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US Air Force sees no big changes to tanker terms

* No details on changes to financial terms

* Final competition terms due out next month

WASHINGTON, Jan 21 (Reuters) - The U.S. Air Force is eyeing some changes to “financial arrangements” for a multibillion dollar competition for new aerial refueling tankers, but Pentagon officials declined to say whether that could signal a departure from the fixed price terms they initially sought.

Air Force Chief of Staff General Norton Schwartz said on Thursday he did not expect any substantial changes on the requirements for the tanker, but declined to elaborate on possible changes to what he called the financial arrangements.

Schwartz, speaking to reporters on the sidelines of an aerospace conference, said the Air Force planned to release the final terms for the competition within a month after the release of the Pentagon’s fiscal 2011 budget on Feb. 1.

Industry executives have said they expect the terms to be released around mid-February, possibly around Feb. 12.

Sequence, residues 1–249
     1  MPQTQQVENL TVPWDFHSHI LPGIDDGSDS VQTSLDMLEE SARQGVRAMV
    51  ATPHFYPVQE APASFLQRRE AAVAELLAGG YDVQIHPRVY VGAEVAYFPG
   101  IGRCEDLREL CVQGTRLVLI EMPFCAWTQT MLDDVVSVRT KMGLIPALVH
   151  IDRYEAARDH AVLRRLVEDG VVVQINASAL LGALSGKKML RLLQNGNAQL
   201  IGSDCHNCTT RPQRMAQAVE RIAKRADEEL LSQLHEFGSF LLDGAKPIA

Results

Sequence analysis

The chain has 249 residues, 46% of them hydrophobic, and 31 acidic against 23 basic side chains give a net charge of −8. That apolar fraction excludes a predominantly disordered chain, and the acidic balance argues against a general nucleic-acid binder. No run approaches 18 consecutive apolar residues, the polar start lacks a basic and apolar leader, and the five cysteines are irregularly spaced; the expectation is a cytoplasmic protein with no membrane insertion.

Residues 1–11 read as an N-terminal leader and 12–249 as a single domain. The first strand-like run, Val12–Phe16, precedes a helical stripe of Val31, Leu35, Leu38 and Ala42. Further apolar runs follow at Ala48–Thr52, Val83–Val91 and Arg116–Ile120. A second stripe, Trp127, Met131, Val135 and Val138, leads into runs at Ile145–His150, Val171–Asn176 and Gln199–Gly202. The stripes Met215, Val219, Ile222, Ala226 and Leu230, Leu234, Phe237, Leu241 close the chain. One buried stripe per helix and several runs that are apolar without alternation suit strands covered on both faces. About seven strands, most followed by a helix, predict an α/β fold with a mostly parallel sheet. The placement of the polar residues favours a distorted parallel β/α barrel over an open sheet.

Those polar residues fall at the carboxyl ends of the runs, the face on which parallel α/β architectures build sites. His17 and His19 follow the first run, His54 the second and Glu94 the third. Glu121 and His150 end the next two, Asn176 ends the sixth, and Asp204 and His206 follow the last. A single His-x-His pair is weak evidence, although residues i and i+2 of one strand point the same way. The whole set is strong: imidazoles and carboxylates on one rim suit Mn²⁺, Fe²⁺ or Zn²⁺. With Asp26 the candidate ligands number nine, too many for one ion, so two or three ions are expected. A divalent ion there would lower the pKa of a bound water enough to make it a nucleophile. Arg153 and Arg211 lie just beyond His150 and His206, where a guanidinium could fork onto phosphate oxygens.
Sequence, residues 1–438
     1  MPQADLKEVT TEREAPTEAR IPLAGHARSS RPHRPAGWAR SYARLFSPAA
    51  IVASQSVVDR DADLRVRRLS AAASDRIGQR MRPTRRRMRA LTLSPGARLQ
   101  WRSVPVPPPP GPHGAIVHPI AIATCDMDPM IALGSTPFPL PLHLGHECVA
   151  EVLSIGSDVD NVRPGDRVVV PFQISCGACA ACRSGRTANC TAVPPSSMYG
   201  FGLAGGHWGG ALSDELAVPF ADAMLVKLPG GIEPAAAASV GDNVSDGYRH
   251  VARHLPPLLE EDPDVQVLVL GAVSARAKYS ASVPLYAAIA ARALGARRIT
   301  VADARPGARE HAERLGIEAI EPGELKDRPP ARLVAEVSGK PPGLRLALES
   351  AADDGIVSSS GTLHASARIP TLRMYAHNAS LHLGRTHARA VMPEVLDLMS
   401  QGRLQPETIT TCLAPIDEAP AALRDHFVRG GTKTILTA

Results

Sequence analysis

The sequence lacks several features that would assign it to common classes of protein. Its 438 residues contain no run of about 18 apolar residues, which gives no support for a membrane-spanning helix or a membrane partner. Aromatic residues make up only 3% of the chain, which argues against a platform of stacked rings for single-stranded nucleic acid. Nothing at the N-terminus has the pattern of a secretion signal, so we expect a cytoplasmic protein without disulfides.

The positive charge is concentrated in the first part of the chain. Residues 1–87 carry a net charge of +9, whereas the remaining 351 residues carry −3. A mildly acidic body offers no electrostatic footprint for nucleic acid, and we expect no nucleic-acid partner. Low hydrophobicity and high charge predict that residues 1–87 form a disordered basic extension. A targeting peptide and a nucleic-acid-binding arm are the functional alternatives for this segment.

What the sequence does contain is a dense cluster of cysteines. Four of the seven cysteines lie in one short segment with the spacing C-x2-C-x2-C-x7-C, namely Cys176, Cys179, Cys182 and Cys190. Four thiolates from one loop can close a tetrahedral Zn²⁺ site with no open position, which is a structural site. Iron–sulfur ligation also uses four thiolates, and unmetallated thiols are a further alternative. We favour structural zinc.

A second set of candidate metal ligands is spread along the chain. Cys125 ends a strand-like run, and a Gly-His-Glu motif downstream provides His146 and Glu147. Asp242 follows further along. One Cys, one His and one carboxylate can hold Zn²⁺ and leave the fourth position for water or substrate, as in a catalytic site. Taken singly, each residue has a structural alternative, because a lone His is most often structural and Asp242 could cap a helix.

Schwartz said possible changes to the financial structure of the tanker competition were sparked by the Air Force’s dialogue with industry about possible financial risks associated with the proposed contract terms.

Deputy Defense Secretary William Lynn also declined on Thursday to discuss any possible changes, saying the Pentagon and Air Force would explain their views when the final request for proposals (RFP) is released next month.

Pentagon budget documents obtained by Reuters include funding for development of a new aerial refueling tanker at an estimated cost of $35 billion, forecasting a contract award this summer and procurement to start in fiscal 2013.

Northrop Grumman Corp NOC.N and Europe's EADS EAD.PA won a projected $35 billion contract for 179 tanker planes in February 2008, but the Pentagon canceled it after government auditors upheld a protest filed by rival Boeing Co BA.N.

Northrop and EADS have told the Pentagon they will not bid for the work this time around unless major changes are made to draft rules for the competition that were released last year.

Asked if he was worried about the prospect of awarding a sole-source contract to Boeing given the long history of the Air Force’s attempts to buy new tankers, Schwartz said the clear preference was to have a competition.

“I’m not going to speculate what others might do, but clearly we hope to have two or more offerers,” he said. “But the bottom line is again that we on the customer side get to decide what we need.”

Congress killed an earlier Air Force plan to buy 100 767-based tankers from Boeing amid a huge procurement scandal that sent a former top Air Force official and Boeing’s former chief financial officer to prison for violating federal conflict of interest rules. (Reporting by Andrea Shalal-Esa; Editing by Tim Dobbyn)